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Assisted Living: KNX is the ideal technology

Simon Buddle explains how technology can help with the quality of care for the elderly, and why KNX is the ideal backbone.

Old age creeps up on the lucky ones. So many tragically die before their time, before they’ve experienced the joys and wonder of a fulfilled life. Wars, famines, or the ravages of climate change are the curse of many. I celebrated my 60th birthday earlier this year, officially old enough to get an Oyster60 pass that gives me free travel on London’s public transport.

The population is ageing, we are ageing, and soon we’ll need to be looked after. Each trip around the sun brings that certainty into ever sharper focus. Already I find myself searching for words in mind, I know they are there, floating just above my reach/memory but unavailable for use at the time I need them to be.

In the UK, between now and 2050, the number of over 65s is expected to double.

Human-centric lighting

KNX as a technology platform has vast capabilities in residential, airports, factories, MDUs, communal plant rooms, hospitals, the list goes on. To turn on and off a light is not so complicated. One might equally say that tuneable white is not such a complex problem from a control’s perspective. It is simply two different coloured lamps whose control signals are synchronised to turn them up/down in the correct ratios. But tuneable white light is far more complex in its abilities. It can wake us and relax us. Indeed human-centric lighting it has been proven to be important in healthcare and in the school classroom. For it to add value to our world however, it requires intelligence behind the tuning of the colour to ensure that it is done at the right speed and at the appropriate time. That is where the ‘controls’ truly come into their own.

Applying technology KNX to assisted living

Assisted living has for so long relied almost exclusively on caring staff, nurse call systems and basic access control to keep everyone safe and well. But imagine what could be done if you were to apply modern technology, some joined-up thinking, and KNX as the backbone for the infrastructure.

That is exactly what has happened in a new care home that is soon to open in Lancashire, UK. KNX provides the meat of the technology controlling lights, heating, blinds and all of the usual functions we’d associate with it. But overlayed on to this are a series of integrated sensors that are collecting data, signalling activity, and monitoring in real time the sounds, movements and presence of the service users. In turn this data is collated and analysed to improve the algorithms that alert staff to unusual activity. All of the data is aggregated onto a Nomos server.

In a care home in Lancashire, a Nomos server is used as an IoT gateway between devices/sensors and the cloud (image source: Ready Controls).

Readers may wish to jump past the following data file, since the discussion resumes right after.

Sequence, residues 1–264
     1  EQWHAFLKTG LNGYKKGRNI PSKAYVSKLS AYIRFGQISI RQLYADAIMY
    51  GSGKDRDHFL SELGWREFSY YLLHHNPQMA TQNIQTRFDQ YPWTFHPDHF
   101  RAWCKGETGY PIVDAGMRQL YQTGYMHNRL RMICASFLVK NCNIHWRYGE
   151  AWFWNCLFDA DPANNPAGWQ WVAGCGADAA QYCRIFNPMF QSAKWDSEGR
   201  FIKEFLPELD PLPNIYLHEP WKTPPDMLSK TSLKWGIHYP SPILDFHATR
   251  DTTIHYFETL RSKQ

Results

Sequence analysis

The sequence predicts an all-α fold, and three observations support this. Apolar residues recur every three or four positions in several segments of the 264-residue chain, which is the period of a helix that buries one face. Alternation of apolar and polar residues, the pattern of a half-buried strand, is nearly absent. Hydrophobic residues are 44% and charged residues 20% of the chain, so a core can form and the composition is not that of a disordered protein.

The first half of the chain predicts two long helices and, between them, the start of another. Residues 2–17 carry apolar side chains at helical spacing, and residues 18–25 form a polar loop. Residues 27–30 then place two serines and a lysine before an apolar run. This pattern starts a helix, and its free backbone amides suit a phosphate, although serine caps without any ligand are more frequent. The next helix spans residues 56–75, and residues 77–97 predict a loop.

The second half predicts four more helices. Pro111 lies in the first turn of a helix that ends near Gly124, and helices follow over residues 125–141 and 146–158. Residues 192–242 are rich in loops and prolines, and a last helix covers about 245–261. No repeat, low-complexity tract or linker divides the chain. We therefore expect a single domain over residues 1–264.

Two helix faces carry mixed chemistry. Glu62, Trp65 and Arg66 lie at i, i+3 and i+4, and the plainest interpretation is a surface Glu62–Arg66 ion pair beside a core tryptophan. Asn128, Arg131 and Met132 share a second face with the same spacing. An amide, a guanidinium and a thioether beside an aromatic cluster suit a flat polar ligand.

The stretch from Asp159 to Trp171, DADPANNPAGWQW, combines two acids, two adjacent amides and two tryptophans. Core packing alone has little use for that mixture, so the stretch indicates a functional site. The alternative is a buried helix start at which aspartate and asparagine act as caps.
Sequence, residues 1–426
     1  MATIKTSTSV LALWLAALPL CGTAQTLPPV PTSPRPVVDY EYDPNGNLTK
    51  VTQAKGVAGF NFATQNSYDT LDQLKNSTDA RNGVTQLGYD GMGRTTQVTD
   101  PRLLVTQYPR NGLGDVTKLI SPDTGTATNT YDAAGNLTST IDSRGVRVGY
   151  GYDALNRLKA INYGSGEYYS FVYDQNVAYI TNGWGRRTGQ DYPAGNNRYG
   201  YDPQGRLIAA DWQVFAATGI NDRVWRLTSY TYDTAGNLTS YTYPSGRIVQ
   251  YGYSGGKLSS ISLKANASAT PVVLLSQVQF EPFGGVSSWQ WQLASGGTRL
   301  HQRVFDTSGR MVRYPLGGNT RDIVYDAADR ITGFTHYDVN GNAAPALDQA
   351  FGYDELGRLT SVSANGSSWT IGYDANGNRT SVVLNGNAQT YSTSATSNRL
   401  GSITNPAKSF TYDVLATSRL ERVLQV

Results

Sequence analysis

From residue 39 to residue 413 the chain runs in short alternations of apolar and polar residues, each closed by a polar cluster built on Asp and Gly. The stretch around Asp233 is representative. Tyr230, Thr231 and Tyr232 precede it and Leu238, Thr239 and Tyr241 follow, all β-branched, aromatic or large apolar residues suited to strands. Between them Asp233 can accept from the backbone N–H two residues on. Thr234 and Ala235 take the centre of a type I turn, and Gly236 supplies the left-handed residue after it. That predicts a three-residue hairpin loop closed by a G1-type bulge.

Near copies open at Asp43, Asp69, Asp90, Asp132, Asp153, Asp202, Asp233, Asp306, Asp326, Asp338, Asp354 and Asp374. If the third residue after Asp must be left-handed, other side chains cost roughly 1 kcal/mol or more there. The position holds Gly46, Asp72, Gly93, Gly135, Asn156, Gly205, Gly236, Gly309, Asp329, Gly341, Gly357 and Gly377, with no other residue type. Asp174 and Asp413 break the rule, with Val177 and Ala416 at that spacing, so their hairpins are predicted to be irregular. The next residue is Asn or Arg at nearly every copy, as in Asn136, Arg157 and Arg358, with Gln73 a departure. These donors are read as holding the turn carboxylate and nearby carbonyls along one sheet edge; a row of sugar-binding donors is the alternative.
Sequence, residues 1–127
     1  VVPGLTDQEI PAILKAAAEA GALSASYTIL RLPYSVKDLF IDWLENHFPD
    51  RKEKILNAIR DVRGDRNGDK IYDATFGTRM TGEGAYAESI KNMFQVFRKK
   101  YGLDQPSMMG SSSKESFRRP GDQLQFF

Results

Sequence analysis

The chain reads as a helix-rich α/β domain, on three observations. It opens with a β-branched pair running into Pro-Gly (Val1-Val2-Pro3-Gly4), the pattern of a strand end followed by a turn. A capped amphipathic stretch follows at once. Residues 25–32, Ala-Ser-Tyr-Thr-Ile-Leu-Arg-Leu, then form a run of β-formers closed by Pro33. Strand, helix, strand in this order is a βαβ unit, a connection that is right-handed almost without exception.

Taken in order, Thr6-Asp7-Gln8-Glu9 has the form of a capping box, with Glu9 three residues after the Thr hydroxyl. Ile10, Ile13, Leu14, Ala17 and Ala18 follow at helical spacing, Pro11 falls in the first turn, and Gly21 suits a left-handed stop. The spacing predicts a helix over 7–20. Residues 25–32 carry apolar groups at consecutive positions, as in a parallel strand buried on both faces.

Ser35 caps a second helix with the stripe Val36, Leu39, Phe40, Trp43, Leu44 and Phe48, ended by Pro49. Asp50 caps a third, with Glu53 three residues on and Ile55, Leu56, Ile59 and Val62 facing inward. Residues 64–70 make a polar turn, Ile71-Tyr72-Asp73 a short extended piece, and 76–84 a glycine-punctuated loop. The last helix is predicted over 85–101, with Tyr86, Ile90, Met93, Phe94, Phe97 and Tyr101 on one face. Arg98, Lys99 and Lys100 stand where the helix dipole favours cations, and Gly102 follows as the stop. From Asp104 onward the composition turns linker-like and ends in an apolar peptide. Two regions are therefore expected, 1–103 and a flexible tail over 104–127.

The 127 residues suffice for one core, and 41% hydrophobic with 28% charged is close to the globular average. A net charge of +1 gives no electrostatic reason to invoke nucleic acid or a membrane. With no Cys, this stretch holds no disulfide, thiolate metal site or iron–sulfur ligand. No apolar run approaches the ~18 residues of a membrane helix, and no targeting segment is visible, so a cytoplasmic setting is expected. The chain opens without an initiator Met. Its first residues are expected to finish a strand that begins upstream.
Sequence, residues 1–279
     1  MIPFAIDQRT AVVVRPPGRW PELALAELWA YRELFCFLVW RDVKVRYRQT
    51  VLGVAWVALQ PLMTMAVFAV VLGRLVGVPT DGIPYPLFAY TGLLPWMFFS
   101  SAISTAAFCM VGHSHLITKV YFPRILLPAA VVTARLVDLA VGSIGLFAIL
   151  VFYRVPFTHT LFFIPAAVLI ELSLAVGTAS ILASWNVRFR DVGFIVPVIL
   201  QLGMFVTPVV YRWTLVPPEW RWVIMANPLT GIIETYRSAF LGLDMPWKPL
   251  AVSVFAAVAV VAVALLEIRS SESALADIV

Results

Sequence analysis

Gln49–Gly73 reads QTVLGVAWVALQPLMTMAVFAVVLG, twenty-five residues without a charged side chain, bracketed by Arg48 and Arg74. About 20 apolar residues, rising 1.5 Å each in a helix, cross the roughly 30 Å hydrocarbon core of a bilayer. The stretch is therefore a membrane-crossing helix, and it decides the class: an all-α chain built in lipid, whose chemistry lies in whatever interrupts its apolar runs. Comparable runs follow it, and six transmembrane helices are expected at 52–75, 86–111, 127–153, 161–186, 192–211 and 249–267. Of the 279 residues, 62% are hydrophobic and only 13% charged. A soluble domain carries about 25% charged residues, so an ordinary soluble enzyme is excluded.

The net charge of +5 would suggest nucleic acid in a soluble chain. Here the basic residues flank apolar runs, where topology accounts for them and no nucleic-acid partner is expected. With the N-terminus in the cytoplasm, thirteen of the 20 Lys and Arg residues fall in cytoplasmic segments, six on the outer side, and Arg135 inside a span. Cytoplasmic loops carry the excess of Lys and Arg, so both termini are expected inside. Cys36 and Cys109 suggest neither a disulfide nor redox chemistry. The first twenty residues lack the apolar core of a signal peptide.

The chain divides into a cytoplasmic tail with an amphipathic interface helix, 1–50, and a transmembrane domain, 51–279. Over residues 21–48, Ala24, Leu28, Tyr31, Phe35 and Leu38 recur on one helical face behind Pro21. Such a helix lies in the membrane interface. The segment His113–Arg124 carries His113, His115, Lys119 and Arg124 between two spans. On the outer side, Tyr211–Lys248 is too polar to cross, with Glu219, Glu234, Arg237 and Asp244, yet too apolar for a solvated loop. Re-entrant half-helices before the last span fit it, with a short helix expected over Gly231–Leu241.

The sound of footsteps is known by the system as an ordinary activity, whereas a patient falling triggers an alert, the ‘thud’ requires immediate staff intervention. Where are people any given moment? A graphical interface places their locations and shows the operation and status of doors, and pressure mats that locate people in beds. All of the data is aggregated onto the Nomos server.

The Nomos server data in represented in a graphical user interface showing the location and status of residents in the care home (image source: Ready Controls).

What this technology means for the patients is a step change in their care. They have moved from reactive care to proactive care. No longer do they have to wait for someone to notice that they are missing and have fallen in their room, because this is instantly signalled to staff. As with any accident the speed of response is key to a successful outcome. In the elderly, this is amplified significantly.

This is a market sector using largely out-of-date technology. KNX provides a robust, modular and flexible backbone that can be adjusted to suit individual’s needs and can be easily updated (without a total rip out) as technology moves forward. One patient may benefit from tuneable white light, whilst another has no need. These types of change can be easily adopted into the system from the comfort of a remote office. No need to change any parts and no requirement for an expensive site visit.


For me there are three key take aways from the use of KNX within the world of assisted living.

1) It is easily (and therefore inexpensively) adaptable. Not everyone’s needs are the same, and KNX caters for this in a way that no other platform can.

2) It enables the care home and facilities managers to learn patterns and normal behaviours via the analytics, which in turn improves the healthcare provided.

3) It places the human at the centre of the alert system, massively increasing the speed with which people can receive help, and as a result, provides them and their loved ones with a greater sense of security that they are getting the very best care that can be given.

With an ageing population it is evident that we need to get better at implementing technology in this sector. Simply throwing more staff at the problem is not the solution, notwithstanding the colossal cost of such an investment. Technology is the answer, and we are well placed to provide it. If I have to live anywhere other than in my own home during my dotage, I know where I’d like it to be. As poet Dylan Thomas put it, ‘Do not go gentle into that good night. Rage, rage against the dying of the light.’

Simon Buddle CEng MIET, is a consultant for Future Ready Homes, a specialist in BMS and ELV services system design.

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JUNG area / line coupler

JUNG area / line coupler
The JUNG area / line coupler connects two KNX lines while retaining electrical isolation. Across publicly accessible areas, such as corridors ...